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  • Writer's pictureThe San Juan Daily Star

Attack in Tel Aviv wounds 8 as Israel’s deadly raid in West Bank continues


The video shows people fleeing Jenin’s refugee camp as Israeli forces fired stun grenades and tear gas during a raid.

By Isabel Kershner and Aaron Boxerman


Eight people were wounded by a Palestinian in a car-ramming and stabbing attack in Tel Aviv on Tuesday, the Israeli authorities said, raising fears of tit-for-tat violence on the second day of the Israeli military’s large-scale incursion aimed at rooting out Palestinian armed groups in the West Bank city of Jenin.


The Palestinian death toll in the Jenin operation, the biggest that Israel has mounted in the area in many years, rose to 12, according to Palestinian health officials. Four were younger than 18, at least two of whom were claimed by Palestinian militant groups as fighters. At least 120 people were injured, including 20 in serious condition, the Palestinian Health Ministry said.


The military operation in Jenin and the attack in Tel Aviv add to the sense of uncertainty and tension in the region, after the most right-wing government in Israeli history took power six months ago. The coalition government’s leaders promised to expand Jewish settlements in occupied territory and to administer a tougher response to violence, while the Palestinian Authority has increasingly lost control of hotbeds of militancy in the occupied West Bank.


The sun rose on Tuesday on deserted alleyways in Jenin’s refugee camp, a usually crowded quarter abutting the West Bank city that is the focus of the military incursion. The military activities sent people fleeing, with as many as 3,000 of the camp’s roughly 17,000 residents seeking shelter in schools and other public buildings, or with families elsewhere.


“We were huddling together in the middle of our house, terrified that a rocket might strike us at any moment,” said Omar Obeid, 60, a resident of the camp who fled the fighting with his children late Monday.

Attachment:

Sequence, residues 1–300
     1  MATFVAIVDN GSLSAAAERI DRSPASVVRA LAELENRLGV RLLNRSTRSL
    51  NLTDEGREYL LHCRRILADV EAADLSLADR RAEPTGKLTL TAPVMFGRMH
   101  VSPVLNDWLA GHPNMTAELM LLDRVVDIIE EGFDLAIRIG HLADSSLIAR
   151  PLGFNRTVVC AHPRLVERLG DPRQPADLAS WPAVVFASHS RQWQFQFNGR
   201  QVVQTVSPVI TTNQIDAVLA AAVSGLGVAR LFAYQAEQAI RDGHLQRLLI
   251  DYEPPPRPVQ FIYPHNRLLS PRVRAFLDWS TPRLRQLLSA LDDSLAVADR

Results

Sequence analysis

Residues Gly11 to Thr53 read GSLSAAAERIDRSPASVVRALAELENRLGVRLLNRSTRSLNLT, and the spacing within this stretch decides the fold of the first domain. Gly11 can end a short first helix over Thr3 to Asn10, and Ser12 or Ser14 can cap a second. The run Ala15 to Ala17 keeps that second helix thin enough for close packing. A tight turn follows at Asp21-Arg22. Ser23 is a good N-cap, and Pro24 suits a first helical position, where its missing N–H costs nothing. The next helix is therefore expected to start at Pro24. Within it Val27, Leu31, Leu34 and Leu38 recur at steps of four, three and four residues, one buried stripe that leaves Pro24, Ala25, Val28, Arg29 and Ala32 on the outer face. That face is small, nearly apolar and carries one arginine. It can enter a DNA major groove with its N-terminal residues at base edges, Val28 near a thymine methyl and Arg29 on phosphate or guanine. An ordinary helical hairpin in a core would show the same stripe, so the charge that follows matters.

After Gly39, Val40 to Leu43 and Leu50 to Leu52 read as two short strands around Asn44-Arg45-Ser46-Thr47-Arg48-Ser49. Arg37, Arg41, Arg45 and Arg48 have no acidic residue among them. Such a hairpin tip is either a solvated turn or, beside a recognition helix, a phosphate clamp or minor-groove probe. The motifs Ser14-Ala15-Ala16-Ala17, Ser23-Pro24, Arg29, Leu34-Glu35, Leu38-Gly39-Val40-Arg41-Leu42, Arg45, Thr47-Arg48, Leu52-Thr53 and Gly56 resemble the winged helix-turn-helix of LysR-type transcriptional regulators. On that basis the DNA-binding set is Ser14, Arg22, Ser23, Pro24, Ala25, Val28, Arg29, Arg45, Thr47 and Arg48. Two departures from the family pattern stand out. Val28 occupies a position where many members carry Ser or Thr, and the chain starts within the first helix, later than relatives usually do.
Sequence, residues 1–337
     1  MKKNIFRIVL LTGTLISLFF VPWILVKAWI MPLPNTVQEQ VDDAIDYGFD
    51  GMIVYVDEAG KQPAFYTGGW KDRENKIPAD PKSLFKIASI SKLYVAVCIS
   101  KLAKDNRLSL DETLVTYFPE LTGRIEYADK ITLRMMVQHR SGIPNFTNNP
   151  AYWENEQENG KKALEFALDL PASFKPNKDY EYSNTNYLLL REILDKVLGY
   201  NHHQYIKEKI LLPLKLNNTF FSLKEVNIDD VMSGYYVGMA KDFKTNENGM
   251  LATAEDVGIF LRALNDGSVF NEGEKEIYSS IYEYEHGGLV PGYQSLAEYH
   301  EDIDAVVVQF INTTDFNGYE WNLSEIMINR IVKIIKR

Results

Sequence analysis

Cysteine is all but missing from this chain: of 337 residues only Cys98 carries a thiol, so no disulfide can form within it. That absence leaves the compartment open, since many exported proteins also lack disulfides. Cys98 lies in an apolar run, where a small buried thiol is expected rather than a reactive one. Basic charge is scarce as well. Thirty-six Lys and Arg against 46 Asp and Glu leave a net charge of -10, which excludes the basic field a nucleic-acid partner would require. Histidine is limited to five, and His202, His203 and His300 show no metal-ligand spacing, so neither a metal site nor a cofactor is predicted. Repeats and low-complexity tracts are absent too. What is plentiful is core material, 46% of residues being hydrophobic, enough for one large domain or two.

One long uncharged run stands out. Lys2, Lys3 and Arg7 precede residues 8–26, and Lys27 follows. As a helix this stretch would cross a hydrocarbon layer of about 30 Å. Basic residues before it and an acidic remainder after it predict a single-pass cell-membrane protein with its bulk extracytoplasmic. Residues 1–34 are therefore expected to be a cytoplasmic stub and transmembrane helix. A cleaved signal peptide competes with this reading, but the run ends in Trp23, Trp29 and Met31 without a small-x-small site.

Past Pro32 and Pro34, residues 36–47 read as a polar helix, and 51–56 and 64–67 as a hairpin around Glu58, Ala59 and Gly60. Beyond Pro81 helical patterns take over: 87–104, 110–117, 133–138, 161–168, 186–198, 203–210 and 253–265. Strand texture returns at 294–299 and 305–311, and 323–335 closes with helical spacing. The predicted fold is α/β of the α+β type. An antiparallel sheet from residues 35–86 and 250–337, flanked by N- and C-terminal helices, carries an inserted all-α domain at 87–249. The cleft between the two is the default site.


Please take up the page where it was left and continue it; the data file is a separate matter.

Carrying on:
A day after Israel launched the operation, which began with a rare use of airstrikes in the region, about 1,000 troops continued searching the camp on Tuesday after earlier finding and confiscating caches of weapons, explosive devices and other military equipment, according to the Israeli military, which added that its forces had also destroyed laboratories for manufacturing explosives.


Although gunfire and explosions could still occasionally be heard, the situation in the refugee camp was “calmer today than yesterday,” the deputy governor of Jenin, Kamal Abu al-Rub said on Tuesday. Neither electricity nor running water was available in the camp because of the destruction caused by the operation, he added.


Prime Minister Benjamin Netanyahu said late Tuesday afternoon, during a visit to an army base near Jenin, that the operation was in its final stages. “At this moment we are completing the mission,” he said.


Jenin, long a militant stronghold, has been at the center of escalating tensions and violence in the year leading up to the incursion early Monday, and, as the military continued its operation there, Israeli authorities said that a West Bank Palestinian had attacked Israeli civilians in Tel Aviv. A pregnant woman injured in the attack lost her baby, Israeli television reported.


In security camera footage broadcast on Israeli television, a car can be seen slamming into a curb in a residential area in the northern part of the city. The driver then leaves his car and chases and stabs at passersby, brandishing a heavy object. He was then shot and killed by a civilian, Israeli security officials said. Three people are in serious condition, the police said.